November is here and with it the first signs true signs that Winter is almost upon us; Autumn was brief enough, and while a few leaves still cling to the trees they’re not long for this world, and it’s time for us to begin embracing the coldest and harshest month of each year. Arash Akbari is ready for it in Crackled Echoes it seems, but more than that he sees something beyond the cool desolation in the drones here, a quietly beautiful and still place steeped in nostalgia and just waiting to be awoken as we hurtle through the abyss.
We begin with the glassy space ambience of “All Is Gone”, a sparse construction that hints at some psybient inspiration deep in its core. It’s bleak and black, filling its interstitial spaces with watery minimalism, drips and streamings swimming through the dense dronescape, rising as a wave of glistening sound that sees Winter’s cold approach from afar, empathetic to the axial tilt as it drifts overhead and peeks at the stars in the squelching synth flashes that tinkle menacingly at the end. But there’s little we can do as we rotate away from the Sun’s warming presence, as “Until Time Sits By Your Side” recognises; unlike the opener we get to feel the harshness and abrasiveness of the stirring winds and rain from the ground, replacing its ethereal movements with sandy drone abrasions, sustained synths and the gurgling of overflowing pipes and gutters. There’s a strange, shuffling shyness to this piece, a sort of shoegazing quality to proceedings as we watch and wait, stuck indoors until the elements pass with nothing to occupy ourselves with except our cool daydreamings.
The juxtaposition between floating, objective observer and on-the-ground experiencer is a delicious one and continues through the remaining tracks in a big way, although remaining aloof; “Passing Flares” feels distant and removed in its hollow and echoic janglings and tidal drones, interposed with tired and fuzzy lo-fi static cracklings, our orbiter window looking out upon the great expanses of desolate tundra to see insignificant and barely there threads of life, tiny pins of light marking remote and hard human lives in the white void. Closer “Pale Blue” also seems to play on this theme a little, a new day emerging for the people below but just another 45 minute window of light for our spaceship. Regardless, it’s welcomed with Steve Roach reminiscent synth drones, gentle and delicate, spinning out to clicking and tinkling mechanical nothings in the background, quietly enjoying itself as seasonal variation is smoothed out with heaters and conditioners in our floating box, looking down at creation below like some tiny god.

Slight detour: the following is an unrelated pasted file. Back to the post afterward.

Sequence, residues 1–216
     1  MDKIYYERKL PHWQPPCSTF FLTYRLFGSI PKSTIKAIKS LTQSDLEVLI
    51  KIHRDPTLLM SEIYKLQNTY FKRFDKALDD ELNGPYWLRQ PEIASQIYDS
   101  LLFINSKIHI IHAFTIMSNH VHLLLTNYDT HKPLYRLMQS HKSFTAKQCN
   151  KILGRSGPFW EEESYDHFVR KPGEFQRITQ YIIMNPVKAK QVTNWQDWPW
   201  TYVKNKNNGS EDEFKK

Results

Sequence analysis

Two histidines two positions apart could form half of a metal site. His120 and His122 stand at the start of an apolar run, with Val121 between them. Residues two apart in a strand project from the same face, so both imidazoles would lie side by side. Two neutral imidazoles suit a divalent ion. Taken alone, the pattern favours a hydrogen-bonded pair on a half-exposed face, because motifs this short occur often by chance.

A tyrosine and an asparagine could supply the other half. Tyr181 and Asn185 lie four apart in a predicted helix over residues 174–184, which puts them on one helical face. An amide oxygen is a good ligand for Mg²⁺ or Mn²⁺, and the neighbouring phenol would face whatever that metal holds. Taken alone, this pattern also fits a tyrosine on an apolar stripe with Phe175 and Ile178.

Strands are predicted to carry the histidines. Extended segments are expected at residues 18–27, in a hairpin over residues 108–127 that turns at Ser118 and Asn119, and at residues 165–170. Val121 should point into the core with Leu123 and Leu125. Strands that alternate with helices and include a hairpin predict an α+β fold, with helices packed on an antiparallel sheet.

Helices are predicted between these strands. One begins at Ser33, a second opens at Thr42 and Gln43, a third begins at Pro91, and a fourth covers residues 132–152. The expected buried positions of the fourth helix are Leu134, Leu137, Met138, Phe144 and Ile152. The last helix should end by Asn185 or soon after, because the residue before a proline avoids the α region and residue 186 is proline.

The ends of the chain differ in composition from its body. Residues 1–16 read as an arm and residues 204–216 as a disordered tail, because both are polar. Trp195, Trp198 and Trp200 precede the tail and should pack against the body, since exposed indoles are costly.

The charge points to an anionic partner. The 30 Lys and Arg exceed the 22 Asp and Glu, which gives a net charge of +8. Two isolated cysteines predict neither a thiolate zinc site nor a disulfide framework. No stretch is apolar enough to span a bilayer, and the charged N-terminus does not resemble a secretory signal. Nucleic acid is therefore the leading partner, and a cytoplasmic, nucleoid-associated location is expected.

It’s perhaps in the album’s dominant piece, the sore-thumb of 17 minute leviathan “Tomorrow’s Daylight”, where things feel the most human, introducing itself to the faint thrum of chirruping insects and the wheeling voices of children. It doesn’t last long, however, as twilight descends with gorgeously dense wailing drones before transcending into perfect night, an obfuscated mush of lo-fi drone circlings, turning and turning to await the new day and its warming rays. Eventually, just at the end, we’re allowed a few harmonious and glowing synth outpourings to touch the horizon and breathe a sigh of relief, but of course we saw it coming and passed it by already, musing on those who are eagerly awaiting it below us.
Cracked Echoes is an elegant and empathetic record that wants to detach itself from the Earth’s surface and see its seasonal complexity and overall beauty from above, to compress months and miles into mere moments and try to think about the tiny lives of the specks crawling across its surface, waiting and relying on our nearest star to appear and drive life and take us through the motions. It revels in the diversity of the seasons, enjoying the beauty of its rotation and climatic variation across each year and appreciating its influence on our lives, for better or worse. Emotionally potent, expansive and luxuriously detailed: you need to be listening to this record.